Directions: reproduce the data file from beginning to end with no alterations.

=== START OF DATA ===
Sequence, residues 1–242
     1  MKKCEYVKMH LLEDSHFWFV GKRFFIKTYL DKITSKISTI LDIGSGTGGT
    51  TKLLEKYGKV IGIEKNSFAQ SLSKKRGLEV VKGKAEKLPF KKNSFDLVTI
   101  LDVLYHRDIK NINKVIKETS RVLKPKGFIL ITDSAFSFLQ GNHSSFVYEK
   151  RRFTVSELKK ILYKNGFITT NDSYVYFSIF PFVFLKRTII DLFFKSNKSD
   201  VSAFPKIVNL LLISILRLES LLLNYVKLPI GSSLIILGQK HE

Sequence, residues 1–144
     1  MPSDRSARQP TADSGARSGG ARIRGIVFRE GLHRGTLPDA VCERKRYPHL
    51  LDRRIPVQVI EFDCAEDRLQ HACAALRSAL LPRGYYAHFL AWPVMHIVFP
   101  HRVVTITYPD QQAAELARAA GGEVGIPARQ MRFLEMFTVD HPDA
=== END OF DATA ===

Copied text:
Sequence, residues 1–242
     1  MKKCEYVKMH LLEDSHFWFV GKRFFIKTYL DKITSKISTI LDIGSGTGGT
    51  TKLLEKYGKV IGIEKNSFAQ SLSKKRGLEV VKGKAEKLPF KKNSFDLVTI
   101  LDVLYHRDIK NINKVIKETS RVLKPKGFIL ITDSAFSFLQ GNHSSFVYEK
   151  RRFTVSELKK ILYKNGFITT NDSYVYFSIF PFVFLKRTII DLFFKSNKSD
   201  VSAFPKIVNL LLISILRLES LLLNYVKLPI GSSLIILGQK HE

Sequence, residues 1–144
     1  MPSDRSARQP TADSGARSGG ARIRGIVFRE GLHRGTLPDA VCERKRYPHL
    51  LDRRIPVQVI EFDCAEDRLQ HACAALRSAL LPRGYYAHFL AWPVMHIVFP
   101  HRVVTITYPD QQAAELARAA GGEVGIPARQ MRFLEMFTVD HPDA